Sue Phillips can smell a winner.
Her own customized fragrance is “bold, feminine, floral with spicy Oriental and amber woodsiness; a floriental,” as she describes it.
A “scentrepreneur,” with more than three decades of experience creating, branding, marketing and managing fragrances for Elizabeth Arden, Tiffany, Avon, Trish McEvoy, Burberry, Lancaster and more, Phillips is the founder, CEO and president of Scenterprises, Inc.
And she is out to redefine the smell of success for each individual woman.
“Fragrance is personal branding,” says Phillips, who opened Scentarium in the Tribeca section of New York more than three years ago. This is where she creates customized fragrances, hosts events and team-building exercises as part of a growing customization niche of the $19.13 billion global fragrance market. Soon she is launching the Sue Phillips Collection of Fragrance.
“The whole idea of marketing to women is they can be anything they want to be,” says Phillips, who is an adjunct professor at LIM College in New York. “It used to be that women wanted to wear something appealing to men. Now the trend of customization is, ‘I want to reflect who I am.’”
And that customization of fragrance has gone from the purview of royalty and the extremely wealthy who would spend up to $20,000 for a fragrance they would wait a year to receive, to a much quicker response made on site for a few hundred dollars.
“Instead of starting from scratch, now through the blends and technology, we can make it affordable and timely,” Phillips says.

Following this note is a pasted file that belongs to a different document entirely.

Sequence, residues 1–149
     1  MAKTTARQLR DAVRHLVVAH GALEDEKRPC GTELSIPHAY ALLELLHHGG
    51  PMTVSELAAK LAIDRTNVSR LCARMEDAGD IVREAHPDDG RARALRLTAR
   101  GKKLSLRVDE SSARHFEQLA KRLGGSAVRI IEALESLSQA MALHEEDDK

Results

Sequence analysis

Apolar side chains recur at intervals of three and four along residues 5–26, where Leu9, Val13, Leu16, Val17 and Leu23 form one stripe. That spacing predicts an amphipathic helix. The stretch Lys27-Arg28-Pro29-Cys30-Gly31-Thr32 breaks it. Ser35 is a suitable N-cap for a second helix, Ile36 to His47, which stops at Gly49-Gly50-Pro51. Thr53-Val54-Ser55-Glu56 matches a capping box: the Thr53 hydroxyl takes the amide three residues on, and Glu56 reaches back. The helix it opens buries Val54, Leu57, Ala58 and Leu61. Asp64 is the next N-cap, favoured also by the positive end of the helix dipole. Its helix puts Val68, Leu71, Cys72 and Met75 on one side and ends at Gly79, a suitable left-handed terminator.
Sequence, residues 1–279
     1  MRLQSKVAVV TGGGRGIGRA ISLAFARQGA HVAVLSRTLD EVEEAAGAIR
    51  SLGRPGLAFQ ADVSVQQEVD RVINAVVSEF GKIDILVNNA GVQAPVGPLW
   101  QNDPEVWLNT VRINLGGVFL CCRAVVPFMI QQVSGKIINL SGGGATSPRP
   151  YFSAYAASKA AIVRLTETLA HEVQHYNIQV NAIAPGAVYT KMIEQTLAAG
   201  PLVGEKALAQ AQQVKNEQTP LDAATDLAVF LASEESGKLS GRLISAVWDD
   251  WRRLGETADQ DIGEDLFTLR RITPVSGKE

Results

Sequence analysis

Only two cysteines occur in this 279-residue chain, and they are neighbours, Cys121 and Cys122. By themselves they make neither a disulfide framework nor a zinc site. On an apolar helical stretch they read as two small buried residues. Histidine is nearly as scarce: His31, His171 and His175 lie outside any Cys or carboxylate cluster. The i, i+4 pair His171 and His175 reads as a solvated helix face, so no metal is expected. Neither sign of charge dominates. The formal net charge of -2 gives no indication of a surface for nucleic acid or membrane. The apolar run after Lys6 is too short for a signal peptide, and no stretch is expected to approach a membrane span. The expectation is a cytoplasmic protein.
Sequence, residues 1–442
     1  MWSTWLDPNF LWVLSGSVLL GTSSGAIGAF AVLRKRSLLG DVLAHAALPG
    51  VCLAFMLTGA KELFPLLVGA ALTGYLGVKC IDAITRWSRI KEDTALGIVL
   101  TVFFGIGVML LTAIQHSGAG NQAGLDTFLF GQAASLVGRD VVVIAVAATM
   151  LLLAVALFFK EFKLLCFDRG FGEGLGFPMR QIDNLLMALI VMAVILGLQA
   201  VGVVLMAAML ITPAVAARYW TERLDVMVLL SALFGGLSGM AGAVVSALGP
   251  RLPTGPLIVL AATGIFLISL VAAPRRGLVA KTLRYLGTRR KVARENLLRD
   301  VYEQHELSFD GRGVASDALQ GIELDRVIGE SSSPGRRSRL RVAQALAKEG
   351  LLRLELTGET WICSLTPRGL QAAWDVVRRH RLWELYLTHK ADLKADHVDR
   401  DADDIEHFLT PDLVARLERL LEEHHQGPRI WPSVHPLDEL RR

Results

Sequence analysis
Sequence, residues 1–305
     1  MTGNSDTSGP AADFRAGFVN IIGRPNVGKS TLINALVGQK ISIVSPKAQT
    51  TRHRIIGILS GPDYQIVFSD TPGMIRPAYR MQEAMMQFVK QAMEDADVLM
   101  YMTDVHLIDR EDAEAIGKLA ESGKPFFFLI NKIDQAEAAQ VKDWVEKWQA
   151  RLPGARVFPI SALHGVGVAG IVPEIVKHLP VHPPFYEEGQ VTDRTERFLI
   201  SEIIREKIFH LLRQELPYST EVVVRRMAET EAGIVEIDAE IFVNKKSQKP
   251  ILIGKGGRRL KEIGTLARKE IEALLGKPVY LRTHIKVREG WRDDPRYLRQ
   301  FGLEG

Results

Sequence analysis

“After collating the favorite fragrances of 66,000 participants, the researchers found that 70 per cent of women’s top-voted perfumes featured masculine, woody or spicy notes. Fifty five per cent of women considered masculine notes as integral to their signature scent,” Elle reports.
That yearning for a signature scent makes all the difference in the market, Phillips says.
Moving to the U.S. from South Africa in the 1980s, Phillips says she intended to become a singer and actress, but had a tough time getting roles. After interviewing for many different jobs, she began her career at Elizabeth Arden, as training director conducting Beauty Training Seminars.
“I started at Macy’s; it was a wonderful experience,” Phillips says. “It taught me not to judge people.”
Training 80 percent of her time at stores around the country, Phillips was soon promoted into product development for Color Cosmetics, but she loved fragrance marketing. She was then hired by Lancôme, Paris, as Marketing Director, Fragrance for Magie Noire and Tresor.
Phillips then moved to become Vice President of Fragrance Marketing for Tiffany & Company and developed the first iconic Tiffany perfume for the 150th anniversary. She also created Tiffany, Tiffany for Men, Society by Burberry, Burberry for Men and three original Trish McEvoy fragrances. In addition, she has launched fragrances for Avon and Diane Von Furstenberg.
While her custom business is 57 percent women and 43 percent are men, Phillips says she focuses on the idea of women projecting confidence and leadership with individual scents.